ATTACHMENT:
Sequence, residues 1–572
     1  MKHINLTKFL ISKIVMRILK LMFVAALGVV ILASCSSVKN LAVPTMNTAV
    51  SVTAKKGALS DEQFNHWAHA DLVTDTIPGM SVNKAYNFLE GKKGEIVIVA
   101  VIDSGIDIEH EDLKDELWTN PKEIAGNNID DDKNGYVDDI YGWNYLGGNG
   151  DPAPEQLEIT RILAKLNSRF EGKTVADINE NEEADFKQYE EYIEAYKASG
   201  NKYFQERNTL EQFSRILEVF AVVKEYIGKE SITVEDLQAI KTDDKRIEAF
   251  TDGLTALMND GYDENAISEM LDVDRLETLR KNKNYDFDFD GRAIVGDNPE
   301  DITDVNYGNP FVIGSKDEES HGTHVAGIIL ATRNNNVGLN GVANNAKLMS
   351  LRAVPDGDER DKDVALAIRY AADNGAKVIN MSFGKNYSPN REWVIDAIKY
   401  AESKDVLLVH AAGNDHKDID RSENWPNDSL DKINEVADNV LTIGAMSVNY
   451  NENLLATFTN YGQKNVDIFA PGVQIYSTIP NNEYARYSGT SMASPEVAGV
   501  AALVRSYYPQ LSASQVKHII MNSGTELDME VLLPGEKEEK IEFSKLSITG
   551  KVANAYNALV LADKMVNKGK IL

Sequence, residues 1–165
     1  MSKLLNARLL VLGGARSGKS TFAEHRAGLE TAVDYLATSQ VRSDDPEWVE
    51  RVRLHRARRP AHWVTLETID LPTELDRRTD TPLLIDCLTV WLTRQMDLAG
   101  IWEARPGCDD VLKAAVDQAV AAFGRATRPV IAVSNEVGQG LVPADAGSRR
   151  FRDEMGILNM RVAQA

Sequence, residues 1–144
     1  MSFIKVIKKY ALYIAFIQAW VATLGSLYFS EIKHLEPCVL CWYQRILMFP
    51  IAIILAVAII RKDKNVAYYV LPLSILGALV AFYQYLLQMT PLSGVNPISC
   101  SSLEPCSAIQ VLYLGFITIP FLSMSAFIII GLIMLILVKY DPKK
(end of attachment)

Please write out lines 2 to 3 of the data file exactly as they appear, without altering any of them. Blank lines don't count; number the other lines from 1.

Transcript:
     1  MKHINLTKFL ISKIVMRILK LMFVAALGVV ILASCSSVKN LAVPTMNTAV
    51  SVTAKKGALS DEQFNHWAHA DLVTDTIPGM SVNKAYNFLE GKKGEIVIVA